Also in the running is the soundtrack for "The Queen," the story of the English royal family's response to the death of Princess Diana. Alexandre Desplat composed the music for the Stephen Frears picture. Andy, what's your take on it?

TRUDEAU: Well, with the royal family involved and a title and a subject like that, I was expecting a lot of pomp and circumstance, and I got it - sort of.

(Soundbite of music from "The Queen")

TRUDEAU: Well, that's as festive as it gets.

(Soundbite of laughter)

TRUDEAU: There's a lot of restraint in this film. Call it a cold reserve, if you will. It's very traditional, too, in how he uses themes. He has apportioned out themes for the major characterizations. Now, Desplat is a French-based composer who's enjoyed success with films such as "Girl With a Pearl Earring" and more recently "Firewall." These were his scores.

It's an orchestral soundtrack, textures very lean; and again, he has created a few character themes, if you will. For Elizabeth II, he wrote a somber, brooding theme, if you will, that's heard here played by the flute.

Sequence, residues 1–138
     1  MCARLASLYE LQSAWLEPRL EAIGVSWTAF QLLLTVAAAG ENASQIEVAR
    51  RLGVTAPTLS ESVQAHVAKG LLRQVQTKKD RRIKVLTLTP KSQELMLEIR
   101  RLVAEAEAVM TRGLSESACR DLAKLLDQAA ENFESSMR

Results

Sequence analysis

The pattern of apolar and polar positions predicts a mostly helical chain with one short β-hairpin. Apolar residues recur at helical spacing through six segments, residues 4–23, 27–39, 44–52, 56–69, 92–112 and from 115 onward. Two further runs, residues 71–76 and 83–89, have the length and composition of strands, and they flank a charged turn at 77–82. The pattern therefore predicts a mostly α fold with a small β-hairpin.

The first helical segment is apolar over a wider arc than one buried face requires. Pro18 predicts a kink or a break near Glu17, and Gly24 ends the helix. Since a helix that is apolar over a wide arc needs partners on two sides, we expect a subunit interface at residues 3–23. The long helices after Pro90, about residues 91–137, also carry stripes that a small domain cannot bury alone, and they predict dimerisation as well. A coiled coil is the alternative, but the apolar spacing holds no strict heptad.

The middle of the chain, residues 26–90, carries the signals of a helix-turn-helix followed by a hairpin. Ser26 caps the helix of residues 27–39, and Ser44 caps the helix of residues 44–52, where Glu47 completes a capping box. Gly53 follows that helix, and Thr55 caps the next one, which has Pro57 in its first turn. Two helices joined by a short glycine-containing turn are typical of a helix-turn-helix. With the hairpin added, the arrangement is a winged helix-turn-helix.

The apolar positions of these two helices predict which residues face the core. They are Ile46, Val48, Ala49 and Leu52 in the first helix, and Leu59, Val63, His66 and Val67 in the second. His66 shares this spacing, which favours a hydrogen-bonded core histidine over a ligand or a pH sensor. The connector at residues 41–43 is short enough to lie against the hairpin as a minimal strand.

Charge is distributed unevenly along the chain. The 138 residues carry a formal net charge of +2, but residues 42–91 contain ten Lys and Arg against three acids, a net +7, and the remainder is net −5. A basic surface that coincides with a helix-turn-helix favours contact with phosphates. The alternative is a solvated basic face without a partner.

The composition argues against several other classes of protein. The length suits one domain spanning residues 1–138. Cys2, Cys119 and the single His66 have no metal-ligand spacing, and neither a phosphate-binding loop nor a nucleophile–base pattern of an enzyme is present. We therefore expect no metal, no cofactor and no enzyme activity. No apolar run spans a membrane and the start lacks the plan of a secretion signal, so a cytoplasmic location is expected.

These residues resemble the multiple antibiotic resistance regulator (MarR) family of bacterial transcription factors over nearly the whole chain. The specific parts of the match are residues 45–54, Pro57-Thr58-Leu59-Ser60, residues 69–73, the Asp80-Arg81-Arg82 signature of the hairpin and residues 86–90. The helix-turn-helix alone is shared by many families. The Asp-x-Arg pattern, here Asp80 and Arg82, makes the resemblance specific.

(Soundbite of music from "The Queen")

TRUDEAU: Simple string background.

(Soundbite of music from "The Queen")

TRUDEAU: This theme weaves its way throughout the movie, and we'll hear it in another cue we're going to be listening to. Desplat uses themes to help him really define differences in the characters. Besides the queen, the other big player in this story is the British prime minister, Tony Blair. He gets some breezy music.

(Soundbite of music from "The Queen")

TRUDEAU: It's a simple score, simple themes. Now, the tragic events that lie at the heart of this story forced these two different personalities to try to find some common ground. Desplat likens that process to a slow dance, and in this case a waltz.